If we knew how God is able to create morality, then maybe we would be in a position to say that a non-loving being cannot do it (or at least that we are not warranted in supposing that he can). Maybe being all-loving endows God with some special capabilities that a non-all-loving being would not have. But has Adams actually shown how God creates morality? Well, the divine command theory says that God does it by issuing commands. But a non-loving omnipotent being can certainly issue commands. Then is there some reason to believe that the commands of a non-loving being would be ineffective, that they wouldn’t actually create morality even though God’s commands can? If this is what Adams or Zamulinski or anyone else believes, then we need an argument for it. We need to know why it is that being all-loving endows God with the capacity to create morality; we need to know how it works. There is no such argument that I am aware of. As it stands, given that Asura (the evil Creator from my example) is at least as powerful as God, it is reasonable to think that if there is something that God can do, then Asura can do it as well.

The structure of my argument, to which Zamulinski objects, is as follows:

(1)    If God can create morality, then so can Asura.

(2)    There is some possible world in which Asura commands the torture of children

Thus, (3) In that world, the torture of children is morally obligatory.

Thus, (4) There is some world in which the torture of children is morally obligatory.

Therefore, (5) It is metaphysically possible that the torture of children is morally obligatory.

I cannot see how premise (1) begs the question. The question is not, “Can a non-loving deity create morality?” but “Does the divine command theory have the consequence that morality is arbitrary and contingent?” Remember, Adams modification of the divine command theory was motivated by a need for a reply to the Euthyphro Dilemma, not because it is somehow difficult to believe that a being who is not all loving can create moral properties.

Again, my working assumption is that if there is some feat that God (assuming he exists) can accomplish, then, absent any obvious reason to think otherwise, we are justified in believing that any being that is omnipotent will be able to accomplish the same task. It is worth pointing out, however, that Adams’ God is limited in the things that he can do. According to Zamulinski, God cannot command the torture of children, for example. Thus, a being who is not essentially limited, in the way that Zamulinski, Adams, and Matthew Flannagan all agree that God is, can do more than God can do.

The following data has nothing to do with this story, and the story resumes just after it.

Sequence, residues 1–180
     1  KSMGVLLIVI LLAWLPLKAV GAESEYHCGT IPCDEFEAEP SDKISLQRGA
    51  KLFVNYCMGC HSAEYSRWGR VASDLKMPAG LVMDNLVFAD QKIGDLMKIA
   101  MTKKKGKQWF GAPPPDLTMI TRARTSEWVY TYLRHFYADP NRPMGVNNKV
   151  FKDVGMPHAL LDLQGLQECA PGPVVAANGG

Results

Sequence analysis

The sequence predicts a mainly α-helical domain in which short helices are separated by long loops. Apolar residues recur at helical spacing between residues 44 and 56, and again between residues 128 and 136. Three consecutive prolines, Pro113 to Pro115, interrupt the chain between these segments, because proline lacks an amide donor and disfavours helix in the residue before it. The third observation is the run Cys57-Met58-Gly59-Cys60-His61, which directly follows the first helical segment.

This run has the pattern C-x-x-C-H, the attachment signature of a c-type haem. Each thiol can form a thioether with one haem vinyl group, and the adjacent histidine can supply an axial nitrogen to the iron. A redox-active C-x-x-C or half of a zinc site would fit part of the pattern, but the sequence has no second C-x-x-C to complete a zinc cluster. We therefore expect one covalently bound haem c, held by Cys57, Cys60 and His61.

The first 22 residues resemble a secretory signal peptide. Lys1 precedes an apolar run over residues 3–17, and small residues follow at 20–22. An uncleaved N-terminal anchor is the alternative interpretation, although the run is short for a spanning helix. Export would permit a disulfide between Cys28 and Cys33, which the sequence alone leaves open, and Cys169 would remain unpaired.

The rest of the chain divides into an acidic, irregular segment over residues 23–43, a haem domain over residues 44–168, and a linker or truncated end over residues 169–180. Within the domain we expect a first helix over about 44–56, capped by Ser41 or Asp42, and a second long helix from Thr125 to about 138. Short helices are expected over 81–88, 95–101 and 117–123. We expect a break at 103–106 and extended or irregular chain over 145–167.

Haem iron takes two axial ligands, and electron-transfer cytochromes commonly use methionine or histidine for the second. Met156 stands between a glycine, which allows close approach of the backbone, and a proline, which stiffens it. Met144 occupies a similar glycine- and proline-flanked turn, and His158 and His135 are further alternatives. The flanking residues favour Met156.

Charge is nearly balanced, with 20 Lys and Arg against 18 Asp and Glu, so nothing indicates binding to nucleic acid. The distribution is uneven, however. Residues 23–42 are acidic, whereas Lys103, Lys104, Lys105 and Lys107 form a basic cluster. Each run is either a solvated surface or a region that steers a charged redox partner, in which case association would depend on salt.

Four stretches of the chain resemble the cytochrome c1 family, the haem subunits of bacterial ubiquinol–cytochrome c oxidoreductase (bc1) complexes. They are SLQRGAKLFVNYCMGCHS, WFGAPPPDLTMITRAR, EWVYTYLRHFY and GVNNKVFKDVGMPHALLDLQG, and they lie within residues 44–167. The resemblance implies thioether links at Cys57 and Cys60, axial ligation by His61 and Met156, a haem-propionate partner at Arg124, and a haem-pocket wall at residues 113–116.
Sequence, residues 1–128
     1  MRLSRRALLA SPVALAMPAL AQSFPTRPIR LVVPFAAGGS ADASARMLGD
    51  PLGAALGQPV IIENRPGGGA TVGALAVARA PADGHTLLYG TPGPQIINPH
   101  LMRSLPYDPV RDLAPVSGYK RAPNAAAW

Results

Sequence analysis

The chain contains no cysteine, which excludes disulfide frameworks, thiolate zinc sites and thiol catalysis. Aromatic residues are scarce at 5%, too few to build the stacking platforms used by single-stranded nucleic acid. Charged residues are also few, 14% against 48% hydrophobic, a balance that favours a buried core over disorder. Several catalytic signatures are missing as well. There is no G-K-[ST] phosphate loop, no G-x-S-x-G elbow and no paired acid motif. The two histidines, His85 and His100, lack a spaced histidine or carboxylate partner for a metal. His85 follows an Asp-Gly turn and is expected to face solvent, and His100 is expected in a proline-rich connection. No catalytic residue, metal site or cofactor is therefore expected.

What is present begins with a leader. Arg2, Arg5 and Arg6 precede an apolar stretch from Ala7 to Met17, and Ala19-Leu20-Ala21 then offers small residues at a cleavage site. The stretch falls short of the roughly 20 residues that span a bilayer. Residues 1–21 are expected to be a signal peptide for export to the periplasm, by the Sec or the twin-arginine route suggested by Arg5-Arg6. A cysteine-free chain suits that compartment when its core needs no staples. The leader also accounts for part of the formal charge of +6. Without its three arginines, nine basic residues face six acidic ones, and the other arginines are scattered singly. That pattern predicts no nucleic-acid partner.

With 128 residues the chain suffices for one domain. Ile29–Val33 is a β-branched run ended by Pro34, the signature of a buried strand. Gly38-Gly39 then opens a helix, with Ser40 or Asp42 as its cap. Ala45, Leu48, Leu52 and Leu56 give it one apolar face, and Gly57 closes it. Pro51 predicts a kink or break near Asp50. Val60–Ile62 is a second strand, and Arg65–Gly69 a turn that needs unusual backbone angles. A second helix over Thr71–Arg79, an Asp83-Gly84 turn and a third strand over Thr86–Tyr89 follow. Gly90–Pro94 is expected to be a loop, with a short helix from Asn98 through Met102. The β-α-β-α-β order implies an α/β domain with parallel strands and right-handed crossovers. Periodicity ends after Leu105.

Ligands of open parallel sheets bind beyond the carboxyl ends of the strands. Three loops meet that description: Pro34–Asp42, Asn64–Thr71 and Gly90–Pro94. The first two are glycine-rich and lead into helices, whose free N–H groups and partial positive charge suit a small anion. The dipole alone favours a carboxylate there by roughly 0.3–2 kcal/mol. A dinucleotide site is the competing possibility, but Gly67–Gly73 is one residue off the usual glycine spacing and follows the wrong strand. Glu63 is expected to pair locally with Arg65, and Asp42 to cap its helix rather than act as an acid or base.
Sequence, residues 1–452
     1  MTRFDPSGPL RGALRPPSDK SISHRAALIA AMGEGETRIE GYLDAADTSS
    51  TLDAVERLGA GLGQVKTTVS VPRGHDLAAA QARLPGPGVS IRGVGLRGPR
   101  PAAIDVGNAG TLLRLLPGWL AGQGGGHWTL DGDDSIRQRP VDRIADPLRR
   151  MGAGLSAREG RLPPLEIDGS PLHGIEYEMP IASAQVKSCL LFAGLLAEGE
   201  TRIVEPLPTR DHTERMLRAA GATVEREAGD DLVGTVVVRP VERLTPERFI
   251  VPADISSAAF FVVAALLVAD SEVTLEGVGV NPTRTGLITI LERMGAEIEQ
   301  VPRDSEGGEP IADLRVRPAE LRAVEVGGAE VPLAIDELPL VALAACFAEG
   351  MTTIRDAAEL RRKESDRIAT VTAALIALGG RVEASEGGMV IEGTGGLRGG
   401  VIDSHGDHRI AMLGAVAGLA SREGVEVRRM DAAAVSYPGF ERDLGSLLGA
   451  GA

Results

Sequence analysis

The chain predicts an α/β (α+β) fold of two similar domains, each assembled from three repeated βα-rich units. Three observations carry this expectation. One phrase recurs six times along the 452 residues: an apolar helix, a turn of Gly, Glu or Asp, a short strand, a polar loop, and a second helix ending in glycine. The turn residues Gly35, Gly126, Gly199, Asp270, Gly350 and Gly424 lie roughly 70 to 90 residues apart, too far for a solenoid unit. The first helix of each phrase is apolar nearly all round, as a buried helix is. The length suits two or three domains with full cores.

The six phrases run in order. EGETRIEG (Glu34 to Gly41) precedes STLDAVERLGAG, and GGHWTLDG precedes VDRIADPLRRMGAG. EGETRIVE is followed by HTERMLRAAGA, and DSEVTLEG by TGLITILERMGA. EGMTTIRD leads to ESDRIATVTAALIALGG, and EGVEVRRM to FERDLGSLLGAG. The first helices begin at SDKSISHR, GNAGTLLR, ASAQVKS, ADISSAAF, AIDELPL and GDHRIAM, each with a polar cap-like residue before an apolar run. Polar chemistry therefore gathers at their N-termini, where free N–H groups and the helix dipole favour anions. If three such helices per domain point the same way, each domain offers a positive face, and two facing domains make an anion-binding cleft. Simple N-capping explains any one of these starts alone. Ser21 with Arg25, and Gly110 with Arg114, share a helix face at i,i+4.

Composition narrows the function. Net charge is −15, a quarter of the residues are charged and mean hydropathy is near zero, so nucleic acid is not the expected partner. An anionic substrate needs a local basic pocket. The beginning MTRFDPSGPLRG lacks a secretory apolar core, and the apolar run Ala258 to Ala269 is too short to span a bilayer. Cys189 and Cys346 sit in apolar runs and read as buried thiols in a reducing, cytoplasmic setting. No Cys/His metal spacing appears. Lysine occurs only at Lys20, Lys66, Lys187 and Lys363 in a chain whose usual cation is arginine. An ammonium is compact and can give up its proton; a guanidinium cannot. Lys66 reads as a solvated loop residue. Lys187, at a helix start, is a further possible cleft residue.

With this in mind, I will now reformulate my argument to explicitly refer to a being who is essentially unlimited rather than to the non-loving being Asura:

Conisder the supernatural being who we’ll call Yod: Yod is the omniscient, omnipotent, all-loving creator. In fact the only way in which Yod differs from God is that Yod is not essentially all-loving. There are worlds in which Yod is all-loving, but there are also worlds in which he is not. Yod is not essentially all-loving because he is omnipotent. Being omnipotent, it is possible for him to do anything, including issue cruel commands, such as that children be tortured. Issuing such a command may entail changing his character traits, but being omnipotent means being unlimited, which in turn entails not being limited by one’s own character traits. Since Yod is omnipotent, he can change his own character. Thus there is no problem in supposing that Yod, even though he is actually all-loving (and thus has not actually commanded the torture of children), can command the torture of children. Since Yod can command torture, there is some possible world in which he does command torture and thus, if the divine command theory is true, there is some possible world in which torturing children is morally obligatory.

Notice that this version of the argument does not assume that a non-loving being can create morality, it assumes that an all-loving being who is not essentially loving can create morality. This is not so far from Adams’ presupposition that an essentially loving being can create morality. And until we have some argument that shows why only an essentially loving being can create morality, if Adams’ presupposition is allowable, mine must be as well.

Notice also that I have claimed that Yod’s being omnipotent requires that he not be essentially loving. This observation, which is the basis of my claim that an omnipotent being is able to command torture, will be expanded and defended in my next post.

Jason Thibodeau

thibodeau.jason@gmail.com